Maxima Smith: The Confessional and the Performative: Tracing the Cameras Search for “Authenticity,” Amidst the Merging of Public and Private Realms, from Cinéma-Vérité to Reality TV


Thesis Advisor: Ana Teixeira Pinto

May 2023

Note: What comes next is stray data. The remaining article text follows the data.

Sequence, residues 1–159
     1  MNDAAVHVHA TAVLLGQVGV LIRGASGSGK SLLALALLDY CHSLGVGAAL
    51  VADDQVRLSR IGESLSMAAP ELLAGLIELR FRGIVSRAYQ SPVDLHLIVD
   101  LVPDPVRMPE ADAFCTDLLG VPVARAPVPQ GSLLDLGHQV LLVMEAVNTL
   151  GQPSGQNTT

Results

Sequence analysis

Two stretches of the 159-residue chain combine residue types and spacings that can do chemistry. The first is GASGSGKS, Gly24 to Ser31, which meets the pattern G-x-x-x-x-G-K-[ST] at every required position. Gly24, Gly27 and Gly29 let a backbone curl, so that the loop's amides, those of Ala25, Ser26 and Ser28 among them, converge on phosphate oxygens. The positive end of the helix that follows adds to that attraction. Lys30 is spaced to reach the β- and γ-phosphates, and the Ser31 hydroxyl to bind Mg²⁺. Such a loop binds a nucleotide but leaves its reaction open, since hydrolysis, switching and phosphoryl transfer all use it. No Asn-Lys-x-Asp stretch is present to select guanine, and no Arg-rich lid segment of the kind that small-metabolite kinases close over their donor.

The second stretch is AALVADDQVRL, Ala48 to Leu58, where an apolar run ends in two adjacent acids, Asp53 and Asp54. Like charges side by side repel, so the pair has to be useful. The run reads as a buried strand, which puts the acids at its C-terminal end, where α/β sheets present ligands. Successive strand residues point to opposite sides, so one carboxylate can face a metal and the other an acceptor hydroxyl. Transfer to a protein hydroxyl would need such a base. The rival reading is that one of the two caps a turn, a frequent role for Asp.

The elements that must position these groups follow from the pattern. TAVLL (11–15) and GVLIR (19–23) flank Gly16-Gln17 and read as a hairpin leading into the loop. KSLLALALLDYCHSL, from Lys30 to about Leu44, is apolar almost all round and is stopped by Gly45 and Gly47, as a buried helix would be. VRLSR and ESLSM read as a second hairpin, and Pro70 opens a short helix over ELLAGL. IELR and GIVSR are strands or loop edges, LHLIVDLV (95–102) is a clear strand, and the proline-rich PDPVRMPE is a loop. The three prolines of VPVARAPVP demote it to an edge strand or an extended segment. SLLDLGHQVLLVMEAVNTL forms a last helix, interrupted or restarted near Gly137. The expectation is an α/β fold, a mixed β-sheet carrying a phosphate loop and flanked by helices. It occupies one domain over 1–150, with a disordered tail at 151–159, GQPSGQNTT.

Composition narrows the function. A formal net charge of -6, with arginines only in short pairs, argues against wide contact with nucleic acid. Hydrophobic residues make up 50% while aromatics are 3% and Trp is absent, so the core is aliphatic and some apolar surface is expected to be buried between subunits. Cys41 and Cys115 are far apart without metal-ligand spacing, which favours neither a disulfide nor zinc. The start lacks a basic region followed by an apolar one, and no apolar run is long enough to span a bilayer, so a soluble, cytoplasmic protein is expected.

This thesis draws parallels between cinéma-vérité’s most renowned film Chronique d'un été and Reality TV, against the backdrop of the wider political landscape of this 60 year period, as a way of tracing the cameras search for “authenticity,” and the changing attitudes towards the relationship between public and private realms. Alongside this development, I consider the ethics of ethnographic photography, and the work of Luke Willis Thompson, Andy Warhol and Sam Taylor-Johnson in order to understand my role of being both in front of and behind the camera as a moving-image artist. I pay particular attention to the power dynamics at play when a camera is present, noting the “observer effect,” and explore how this is compounded by other dynamics such as race, gender and class in order to question the ethics of image capture. Drawing on the work of Zygmunt Bauman, Laura Grinstaff, Julia Kristeva, James. C Faris and Rachel Sykes, I move between scenes from Chronique d'un été and Reality TV to demonstrate their similarities in utilising the performativity of confession, “the money shot,” and breaking the fourth wall to construct authenticity. This trajectory leads me to considering the feedback loop between Reality TV and social media that encourages us all to perform our personal lives as spectacle for a perceived public. Ultimately I arrive at the term “radical sharing” (of which I tentatively position my moving-image practice) as a form of oversharing that operates in the margins, outside of the spaces of power and control, taking inspiration from the 1960s radical social movements to share intimately, in the spirit of trust and solidarity, and in a way that punctures notions of bourgeois civility through forcing the private into the public sphere.